I usually refer to this as "feet washing", though probably more people refer to it as "foot washing". In the early 1980s an older preacher told me it should be referred to as "feet washing" because you wash both feet, not just one. Since then I have tried to consistently refer to it in this manner. I hope to briefly explore feet washing and its history as it relates to Baptists, rather than discussing it from a theological perspective.
Which Baptists may or may not practice feet washing? Two groups that are most widely recognized as "feetwashers" are Primitive Baptists and Free Will Baptists, though the practice is not 100% among either of these. The majority of Primitive Baptists practice feet washing, but a few do not. Hassell mentions this in his History of the Church of God. Many Primitive Baptists refer to feet washing as an "example" rather than an ordinance. Feet washing is a majority practice among the Free Will Baptists, though, for example, it has been a little weak among Texas Free Will Baptists because of a strong link to the northern (Randall) version of Free Will Baptists. One Free Will Baptist church near here hasn't observed it in a number of years, though their statement of faith expresses a belief in it. Free Will Baptists seem to consistently refer to feet washing as an "ordinance".
Other lesser known or smaller groups of Baptists are fairly consistent "feetwashers", such as: Old Regular Baptists, United Baptists, Regular Baptists, General Baptists, Separate Baptists, and Interstate & Foreign Landmark Missionary Baptist Association. Central Baptists (Primitive Baptist descendants), Duck River and Kindred Associations, Two-Seed-in-the-Spirit Predestinarian Baptists, and Union Baptists (another Primitive Baptist descendant similar to the Regular Baptists) all practice feet washing.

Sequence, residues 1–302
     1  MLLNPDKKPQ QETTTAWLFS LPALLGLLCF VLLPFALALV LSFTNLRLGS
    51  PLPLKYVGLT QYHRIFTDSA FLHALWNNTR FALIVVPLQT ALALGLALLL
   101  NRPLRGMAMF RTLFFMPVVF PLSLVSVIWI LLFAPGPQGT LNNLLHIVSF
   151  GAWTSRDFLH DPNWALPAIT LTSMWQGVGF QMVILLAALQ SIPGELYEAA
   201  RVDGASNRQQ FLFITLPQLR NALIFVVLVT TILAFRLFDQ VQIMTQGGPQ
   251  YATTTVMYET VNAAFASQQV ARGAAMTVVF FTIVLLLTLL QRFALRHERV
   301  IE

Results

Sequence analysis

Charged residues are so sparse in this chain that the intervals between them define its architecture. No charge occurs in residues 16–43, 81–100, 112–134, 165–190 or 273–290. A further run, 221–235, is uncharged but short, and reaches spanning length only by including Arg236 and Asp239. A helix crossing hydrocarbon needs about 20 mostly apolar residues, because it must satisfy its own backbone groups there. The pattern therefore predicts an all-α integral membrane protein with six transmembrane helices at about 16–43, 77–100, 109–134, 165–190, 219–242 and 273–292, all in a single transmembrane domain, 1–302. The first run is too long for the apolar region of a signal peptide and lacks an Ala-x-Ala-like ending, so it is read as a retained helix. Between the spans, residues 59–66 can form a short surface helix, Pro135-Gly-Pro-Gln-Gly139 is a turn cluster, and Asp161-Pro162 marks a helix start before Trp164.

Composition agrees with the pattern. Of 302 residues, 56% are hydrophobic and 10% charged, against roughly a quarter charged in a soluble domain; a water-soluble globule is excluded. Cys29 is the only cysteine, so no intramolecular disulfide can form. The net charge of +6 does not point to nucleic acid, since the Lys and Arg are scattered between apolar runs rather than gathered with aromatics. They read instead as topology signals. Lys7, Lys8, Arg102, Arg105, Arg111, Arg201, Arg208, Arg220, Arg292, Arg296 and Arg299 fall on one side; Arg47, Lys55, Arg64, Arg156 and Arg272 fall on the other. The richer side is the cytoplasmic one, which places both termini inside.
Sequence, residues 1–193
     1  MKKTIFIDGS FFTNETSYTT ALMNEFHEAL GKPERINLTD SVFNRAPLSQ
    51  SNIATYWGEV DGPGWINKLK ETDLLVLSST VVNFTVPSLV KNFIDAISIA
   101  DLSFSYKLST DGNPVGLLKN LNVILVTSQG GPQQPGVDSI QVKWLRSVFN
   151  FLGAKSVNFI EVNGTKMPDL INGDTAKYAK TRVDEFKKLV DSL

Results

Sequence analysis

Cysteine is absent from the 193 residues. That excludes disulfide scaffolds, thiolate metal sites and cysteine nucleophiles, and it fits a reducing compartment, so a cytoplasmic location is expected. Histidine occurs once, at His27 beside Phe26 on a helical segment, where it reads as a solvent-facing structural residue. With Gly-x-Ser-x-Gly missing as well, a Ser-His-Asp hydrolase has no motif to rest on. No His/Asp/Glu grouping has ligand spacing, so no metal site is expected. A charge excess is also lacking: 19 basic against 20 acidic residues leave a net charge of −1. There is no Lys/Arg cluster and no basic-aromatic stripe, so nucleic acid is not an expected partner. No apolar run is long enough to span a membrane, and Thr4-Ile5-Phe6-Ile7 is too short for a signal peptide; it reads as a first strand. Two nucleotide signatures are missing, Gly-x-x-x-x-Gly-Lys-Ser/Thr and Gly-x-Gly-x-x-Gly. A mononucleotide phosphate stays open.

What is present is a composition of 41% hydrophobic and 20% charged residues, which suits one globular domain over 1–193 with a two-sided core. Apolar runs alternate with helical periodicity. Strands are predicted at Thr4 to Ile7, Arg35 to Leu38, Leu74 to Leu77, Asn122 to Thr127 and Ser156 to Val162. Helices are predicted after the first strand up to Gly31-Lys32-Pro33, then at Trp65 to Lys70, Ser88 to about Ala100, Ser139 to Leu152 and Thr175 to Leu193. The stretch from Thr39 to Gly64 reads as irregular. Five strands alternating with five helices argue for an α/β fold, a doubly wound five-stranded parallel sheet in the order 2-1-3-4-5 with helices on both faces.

Some other groups where one can find remnants of the practice are: missionary Baptists, Southern Baptists, and independent Baptists. It has a fairly strong minority following in these churches that are in the Appalachia region or its foothills (e.g., the Blue Ridge of north Georgia). A minority of country churches affiliated with the American Baptist Association and the Baptist Missionary Association used to practice feet washing, although I think the practice had been "rooted out" by mid-20th century. The last actual practice I have confirmed was a BMAA church in east Texas in 1954. A few local associations carried it in their minutes until the early 1960's. The split of the ABA in 1950, and the subsequent withdrawal of the majority of the "feetwashers" into the Interstate and Foreign Landmark Missionary Baptist Association probably finished what the seminaries had not done. An old issue of J. Frank Norris' paper (The Fundamentalist) indicates that in the early stages of the World Baptist Fellowship (then called the World Fundamental Baptist Missionary Fellowship), some of the churches among them practiced feet washing. I feel certain none do now.
Some sources that mention the subject. History of Middle Tennessee Baptists, by J. H. Grime [SBC], has a short chapter on the subject; The Lord's Table by W. J. Burgess [BMAA]; History of the Church of God by C. B. & Sylvester Hassell [Primitive Baptist]; History of the Franklin Association of United Baptists by W. P. Throgmorton [SBC]; The Baptists of Virginia by Garnett Ryland; The History of the English Baptists by Underwood; The Primitive Baptist newspaper, article by C. H. Cayce, Feb. 9. 1933; Foxfire 7. An interesting article on the subject of feet washing is found in Viewpoints: Georgia Baptist History, Volume 1. The article is titled "Feet Washing among Baptists of Georgia (A Study of)" by Charles O. Walker.
In general, the strength of feet washing in the United States was/is in the south, largely due to the influence of Shubal Stearns and the Separate Baptists. But also know that early on in the highly influential Philadelphia Baptist Association, they also approved it.